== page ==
The Atari 2600 produced many classic titles: Joust, Yars Revenge, Adventure, Super Breakout, and more. They were brilliant games that have become part of the pop culture lexicon. They played an integral part in countless childhoods. While I’m sure you could find detractors (no matter how good the game, there are always detractors) they are, by-and-large, venerated.
Look, nothing against those games. I love them. Of course I do, but everyone writes about those games. I’ve written about them before, but I’m also intrigued by the titles that get ignored or forgotten, the titles that make you scratch your head and say, “What the heck? Who thought this was a good idea?” Titles like…Sneak’n Peek.
Released in 1982, Sneak’n Peek was hide-and-seek in video game form. It could be played in a one player mode or against a friend. The game was set in an old house with three rooms and a front yard. Each location had five different places you could hide. The game had a slightly bizarre soundtrack, including songs like Camp Town Races and Home! Sweet Home!
Two player mode is where the game’s true brilliance became apparent. You might be wondering, “How does the second player hide without player one knowing where they are?” The answer is simple. The first player had to close their eyes. That’s right. You had to rely on the honesty of the friend you were playing against. This is the type of innovative problem solving you don’t see in video games anymore. Once you found the second player, the roles were reversed.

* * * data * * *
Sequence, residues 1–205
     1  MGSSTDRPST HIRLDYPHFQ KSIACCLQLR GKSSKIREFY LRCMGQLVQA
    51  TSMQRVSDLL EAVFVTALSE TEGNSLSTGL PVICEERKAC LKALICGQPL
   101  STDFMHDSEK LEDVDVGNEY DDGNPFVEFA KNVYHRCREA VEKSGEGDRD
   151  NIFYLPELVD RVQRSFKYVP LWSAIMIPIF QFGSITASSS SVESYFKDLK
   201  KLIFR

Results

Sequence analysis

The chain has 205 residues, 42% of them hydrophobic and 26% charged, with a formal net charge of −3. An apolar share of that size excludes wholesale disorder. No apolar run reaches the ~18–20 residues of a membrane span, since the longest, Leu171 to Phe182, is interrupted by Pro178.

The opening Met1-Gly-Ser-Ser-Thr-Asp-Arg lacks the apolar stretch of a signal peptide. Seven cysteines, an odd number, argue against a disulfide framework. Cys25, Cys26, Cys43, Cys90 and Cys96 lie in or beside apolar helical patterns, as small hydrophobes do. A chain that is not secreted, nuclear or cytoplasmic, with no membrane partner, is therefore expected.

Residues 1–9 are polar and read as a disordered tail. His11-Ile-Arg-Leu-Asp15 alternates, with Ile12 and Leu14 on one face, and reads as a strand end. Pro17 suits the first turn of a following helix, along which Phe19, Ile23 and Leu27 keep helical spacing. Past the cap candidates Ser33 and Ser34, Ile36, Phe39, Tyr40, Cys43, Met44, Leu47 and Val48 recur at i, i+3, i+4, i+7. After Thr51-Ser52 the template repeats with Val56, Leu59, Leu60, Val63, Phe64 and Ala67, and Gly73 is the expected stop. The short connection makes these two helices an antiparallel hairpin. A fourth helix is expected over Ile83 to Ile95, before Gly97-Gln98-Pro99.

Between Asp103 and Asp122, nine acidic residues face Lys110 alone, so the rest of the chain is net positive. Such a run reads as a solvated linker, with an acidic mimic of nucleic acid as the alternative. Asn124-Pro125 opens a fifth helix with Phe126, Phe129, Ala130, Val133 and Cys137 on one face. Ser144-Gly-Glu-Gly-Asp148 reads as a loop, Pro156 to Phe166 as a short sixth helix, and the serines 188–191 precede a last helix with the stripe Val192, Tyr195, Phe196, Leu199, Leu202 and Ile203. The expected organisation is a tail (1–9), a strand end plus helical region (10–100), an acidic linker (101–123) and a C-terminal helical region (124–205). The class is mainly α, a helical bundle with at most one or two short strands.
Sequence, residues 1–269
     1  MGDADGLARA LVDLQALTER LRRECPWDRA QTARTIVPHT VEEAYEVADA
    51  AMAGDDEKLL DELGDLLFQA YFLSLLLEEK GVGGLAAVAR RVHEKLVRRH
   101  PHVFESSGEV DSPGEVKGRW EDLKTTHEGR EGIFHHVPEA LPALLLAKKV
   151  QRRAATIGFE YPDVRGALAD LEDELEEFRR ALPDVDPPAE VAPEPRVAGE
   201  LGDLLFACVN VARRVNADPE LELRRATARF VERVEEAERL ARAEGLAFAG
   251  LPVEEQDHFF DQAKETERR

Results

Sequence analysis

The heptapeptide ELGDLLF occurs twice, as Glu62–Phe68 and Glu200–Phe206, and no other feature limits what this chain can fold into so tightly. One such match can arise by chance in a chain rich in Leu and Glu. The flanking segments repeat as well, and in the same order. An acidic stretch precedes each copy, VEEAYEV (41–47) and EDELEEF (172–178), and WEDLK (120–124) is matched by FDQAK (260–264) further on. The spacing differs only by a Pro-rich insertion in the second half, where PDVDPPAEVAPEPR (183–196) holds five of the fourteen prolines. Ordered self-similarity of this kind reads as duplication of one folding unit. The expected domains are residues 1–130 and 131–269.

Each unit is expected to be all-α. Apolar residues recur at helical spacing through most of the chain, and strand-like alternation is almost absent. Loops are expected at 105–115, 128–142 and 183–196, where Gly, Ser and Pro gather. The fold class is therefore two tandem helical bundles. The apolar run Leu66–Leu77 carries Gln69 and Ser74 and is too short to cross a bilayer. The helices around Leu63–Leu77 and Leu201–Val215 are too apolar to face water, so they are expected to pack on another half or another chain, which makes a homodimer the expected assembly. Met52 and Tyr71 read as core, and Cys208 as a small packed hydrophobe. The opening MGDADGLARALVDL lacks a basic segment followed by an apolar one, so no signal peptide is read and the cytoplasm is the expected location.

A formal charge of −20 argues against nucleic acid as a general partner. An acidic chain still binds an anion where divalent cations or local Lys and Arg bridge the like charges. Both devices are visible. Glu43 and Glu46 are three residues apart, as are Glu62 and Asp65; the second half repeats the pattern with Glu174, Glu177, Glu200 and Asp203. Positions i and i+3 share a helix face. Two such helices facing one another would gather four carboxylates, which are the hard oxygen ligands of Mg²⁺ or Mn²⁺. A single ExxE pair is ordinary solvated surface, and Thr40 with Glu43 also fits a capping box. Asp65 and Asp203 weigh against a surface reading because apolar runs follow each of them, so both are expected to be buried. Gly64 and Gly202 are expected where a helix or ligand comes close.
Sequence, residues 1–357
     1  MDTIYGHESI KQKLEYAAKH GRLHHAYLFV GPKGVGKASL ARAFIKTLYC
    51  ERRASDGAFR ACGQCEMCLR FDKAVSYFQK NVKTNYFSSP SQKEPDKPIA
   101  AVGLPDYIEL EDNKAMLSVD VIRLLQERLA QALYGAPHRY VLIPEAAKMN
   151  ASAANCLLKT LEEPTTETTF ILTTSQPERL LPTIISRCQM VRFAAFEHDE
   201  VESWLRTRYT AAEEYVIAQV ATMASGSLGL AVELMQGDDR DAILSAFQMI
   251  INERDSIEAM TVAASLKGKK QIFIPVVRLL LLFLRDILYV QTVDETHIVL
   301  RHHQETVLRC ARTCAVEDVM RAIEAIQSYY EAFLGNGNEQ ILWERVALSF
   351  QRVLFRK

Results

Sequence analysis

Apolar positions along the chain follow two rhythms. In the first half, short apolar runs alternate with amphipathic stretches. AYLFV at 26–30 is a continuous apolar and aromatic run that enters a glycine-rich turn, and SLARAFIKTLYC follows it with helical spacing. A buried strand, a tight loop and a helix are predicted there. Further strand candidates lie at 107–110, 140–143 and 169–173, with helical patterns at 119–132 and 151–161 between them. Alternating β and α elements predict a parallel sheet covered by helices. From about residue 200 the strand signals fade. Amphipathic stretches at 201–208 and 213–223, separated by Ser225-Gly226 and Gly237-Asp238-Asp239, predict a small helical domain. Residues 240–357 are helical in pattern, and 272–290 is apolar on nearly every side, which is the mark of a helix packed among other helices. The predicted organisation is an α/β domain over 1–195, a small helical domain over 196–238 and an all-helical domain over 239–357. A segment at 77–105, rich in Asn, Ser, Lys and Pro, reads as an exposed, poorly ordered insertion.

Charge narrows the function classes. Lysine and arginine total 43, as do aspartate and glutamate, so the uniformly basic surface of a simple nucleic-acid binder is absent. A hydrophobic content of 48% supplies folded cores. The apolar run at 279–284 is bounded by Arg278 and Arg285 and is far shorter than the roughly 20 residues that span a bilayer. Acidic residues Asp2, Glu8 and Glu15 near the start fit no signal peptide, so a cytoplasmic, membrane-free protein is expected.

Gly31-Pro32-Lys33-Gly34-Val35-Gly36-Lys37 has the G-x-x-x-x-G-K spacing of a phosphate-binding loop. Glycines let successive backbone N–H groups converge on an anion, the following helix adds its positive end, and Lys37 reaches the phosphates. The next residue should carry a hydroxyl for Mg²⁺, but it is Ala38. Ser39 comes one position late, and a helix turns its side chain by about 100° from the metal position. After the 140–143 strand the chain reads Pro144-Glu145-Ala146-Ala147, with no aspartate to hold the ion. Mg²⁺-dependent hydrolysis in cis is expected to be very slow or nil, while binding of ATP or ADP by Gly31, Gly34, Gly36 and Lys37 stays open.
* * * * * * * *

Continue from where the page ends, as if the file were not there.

The game was developed by James Wickstead Design Associates (who also created games like Mouse Trap, Star Wars: Return of the Jedi: Death Star Battle, and Commando Raid), and published by U.S. Games, which was owned by…the Quaker Oats Company, who for some reason engaged in a brief foray into video game development. Actually, the reasoning isn’t that odd. Quaker Oats had purchased Fisher Price in 1969 and was attempting to compete with General Mills, who owned Parker Brothers. Still, on the surface the idea that Quaker Oats was producing video games is odd. The fact that they produced video game hide-and-seek is even stranger.